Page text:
Tea Book Volume II (Gold)

Picture of Tea Book Volume II (Gold)
Brand:Basilur
Style:Flavored Black Tea
Caffeine:Caffeinated
Region:Sri Lanka / Ceylon
Loose/teabag:Loose
Product page:Tea Book Volume II (Gold)

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Ratings & Reviews

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Reviewer pic64 Aroma: 10/10 Flavor: 3/5 Value: 2/5
(263 reviews) on

Basilur is creative in the packaging and marketing of their teas. This is part of an impressively elaborate gimmick: the second in a multi-volume series of well-decorated "books"—each a metal tin about the size and shape of a small hardback book—containing a plastic bag full of loose tea that gets folded and somewhat flattened by the inner edges of the "book" wall. I used the packaging photo from the website, but uploaded my own of the loose tea, since the actual product has fewer flowers and far fewer fruit pieces than depicted in Basilur's onsite photo.

The dry tea leaves look long, brown/black and wiry, unfurling upon steeping as a mix of lengthwise-cut tea-leaf pieces and tea stems. Perhaps 5–10% of the Ceylon tea leaves are golden instead of dark. The dried fruit pieces (papaya) aren't very common and expand in-steep by about a factor of two. The thin floral pieces (marigold, sunflower, safflower) unfurl and rise, mostly floating atop it all.

As for the tea itself...this one is best described as very weird. I've had a few cups so far, and still don't know what to think. Maybe this tea is best appreciated while under the influence of mind-altering substances. I can't directly testify to that notion, however. :-)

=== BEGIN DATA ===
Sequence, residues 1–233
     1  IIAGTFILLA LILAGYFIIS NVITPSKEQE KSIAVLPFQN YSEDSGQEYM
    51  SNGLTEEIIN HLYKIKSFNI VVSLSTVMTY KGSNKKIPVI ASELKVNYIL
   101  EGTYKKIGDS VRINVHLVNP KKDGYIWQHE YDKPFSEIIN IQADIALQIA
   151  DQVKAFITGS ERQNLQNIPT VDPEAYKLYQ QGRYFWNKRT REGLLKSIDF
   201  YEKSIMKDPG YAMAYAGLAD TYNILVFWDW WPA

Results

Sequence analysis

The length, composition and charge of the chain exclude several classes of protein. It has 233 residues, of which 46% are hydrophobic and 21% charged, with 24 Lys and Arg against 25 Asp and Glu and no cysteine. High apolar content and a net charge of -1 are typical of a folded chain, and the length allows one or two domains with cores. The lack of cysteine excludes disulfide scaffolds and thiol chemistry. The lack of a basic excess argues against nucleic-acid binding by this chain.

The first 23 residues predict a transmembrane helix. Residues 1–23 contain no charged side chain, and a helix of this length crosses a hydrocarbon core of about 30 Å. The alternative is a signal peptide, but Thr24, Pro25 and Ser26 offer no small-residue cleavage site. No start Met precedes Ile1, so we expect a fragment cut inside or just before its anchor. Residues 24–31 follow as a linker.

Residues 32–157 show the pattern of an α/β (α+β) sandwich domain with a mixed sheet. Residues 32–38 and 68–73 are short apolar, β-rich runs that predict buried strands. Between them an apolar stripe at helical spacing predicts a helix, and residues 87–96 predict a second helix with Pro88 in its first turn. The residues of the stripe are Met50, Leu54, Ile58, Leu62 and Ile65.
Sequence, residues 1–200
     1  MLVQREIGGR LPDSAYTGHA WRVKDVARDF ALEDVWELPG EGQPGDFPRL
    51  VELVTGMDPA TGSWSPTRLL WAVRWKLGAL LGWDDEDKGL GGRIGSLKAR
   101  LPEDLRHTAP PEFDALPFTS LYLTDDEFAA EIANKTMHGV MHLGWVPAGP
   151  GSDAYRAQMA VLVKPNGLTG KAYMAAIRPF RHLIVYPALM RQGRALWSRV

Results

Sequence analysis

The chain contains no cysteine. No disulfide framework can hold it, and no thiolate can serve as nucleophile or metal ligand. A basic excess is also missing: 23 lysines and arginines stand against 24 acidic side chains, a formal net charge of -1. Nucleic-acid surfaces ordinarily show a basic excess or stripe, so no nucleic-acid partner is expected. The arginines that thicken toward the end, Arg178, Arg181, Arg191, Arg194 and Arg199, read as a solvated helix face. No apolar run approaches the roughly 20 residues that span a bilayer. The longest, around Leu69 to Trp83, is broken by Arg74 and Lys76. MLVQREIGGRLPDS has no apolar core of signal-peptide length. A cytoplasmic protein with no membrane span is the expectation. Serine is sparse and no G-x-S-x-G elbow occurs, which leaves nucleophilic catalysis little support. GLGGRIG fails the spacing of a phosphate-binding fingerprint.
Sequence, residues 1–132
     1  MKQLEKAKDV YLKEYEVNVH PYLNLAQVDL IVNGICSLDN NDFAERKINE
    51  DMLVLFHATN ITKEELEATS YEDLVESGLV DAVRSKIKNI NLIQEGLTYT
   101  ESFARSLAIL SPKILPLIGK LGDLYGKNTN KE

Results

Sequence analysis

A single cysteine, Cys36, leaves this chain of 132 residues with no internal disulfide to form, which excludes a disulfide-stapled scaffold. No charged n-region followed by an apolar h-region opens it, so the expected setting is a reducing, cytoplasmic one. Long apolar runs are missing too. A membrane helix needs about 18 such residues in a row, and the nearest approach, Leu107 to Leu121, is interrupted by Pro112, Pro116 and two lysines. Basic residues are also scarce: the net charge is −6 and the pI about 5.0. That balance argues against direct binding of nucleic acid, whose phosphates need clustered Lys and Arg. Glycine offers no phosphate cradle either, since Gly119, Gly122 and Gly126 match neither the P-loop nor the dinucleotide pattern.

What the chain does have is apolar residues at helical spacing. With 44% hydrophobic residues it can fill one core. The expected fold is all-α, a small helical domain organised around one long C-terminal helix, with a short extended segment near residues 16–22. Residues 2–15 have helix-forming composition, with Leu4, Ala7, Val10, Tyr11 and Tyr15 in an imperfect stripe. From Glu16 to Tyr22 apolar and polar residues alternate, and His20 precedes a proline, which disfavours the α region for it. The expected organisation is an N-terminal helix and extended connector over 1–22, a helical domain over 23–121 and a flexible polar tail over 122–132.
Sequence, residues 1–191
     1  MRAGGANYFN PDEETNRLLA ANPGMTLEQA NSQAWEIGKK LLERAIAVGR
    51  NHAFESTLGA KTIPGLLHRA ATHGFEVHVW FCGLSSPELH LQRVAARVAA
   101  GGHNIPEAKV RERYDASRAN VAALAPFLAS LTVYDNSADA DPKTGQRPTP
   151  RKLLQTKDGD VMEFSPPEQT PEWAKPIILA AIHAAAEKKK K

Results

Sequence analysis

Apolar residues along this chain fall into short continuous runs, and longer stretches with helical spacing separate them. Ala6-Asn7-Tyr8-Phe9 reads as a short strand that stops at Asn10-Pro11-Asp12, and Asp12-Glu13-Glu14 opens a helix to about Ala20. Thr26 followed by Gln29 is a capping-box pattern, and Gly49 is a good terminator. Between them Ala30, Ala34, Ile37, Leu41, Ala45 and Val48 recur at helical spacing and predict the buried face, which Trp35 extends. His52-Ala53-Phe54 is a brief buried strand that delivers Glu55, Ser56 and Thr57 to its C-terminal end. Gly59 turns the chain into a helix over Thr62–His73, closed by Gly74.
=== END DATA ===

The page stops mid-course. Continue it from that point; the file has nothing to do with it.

The dry-leaf aroma is wonderful and captivating: a potent, fruity, decidedly chocolate scent (even though chocolate isn't a listed ingredient), with florals in the background, that wafts far aloft and fills a good part of the airspace nearby, as would incense. Similarly to "Love Story", it would make a good small-room potpourri...seriously! In both cup scent and direct flavor, the chocolate recedes and takes a back seat to the floral aspect, but with base tea still farther in the background. That's hard to understand, given that the black tea is, by far, the dominant plant material by volume. What this renders across the tongue is unique in my experience, and most closely described as a floral/chocolate mix, somewhat fruity, with hints of black tea. Only the aftertaste is fruit-dominant. I still can't decide how much I like this beverage, because something like a berry-flavored chocolate bar filled with flower petals is outside my culinary world...about as bizarre as you'd imagine drinking a chocolatey potpourri.

I haven't had the other "volumes" yet, though I did review a sampler-pack version of a separate "book" called "Love Story" a couple years ago. "Tea Book Vol. II" came from an estate sale, unopened, sealed and fresh, so I'm basing the "value" rating on the current onsite price of $13.50 for 100g. Obviously you pay a premium for the intricate and artistic packaging.
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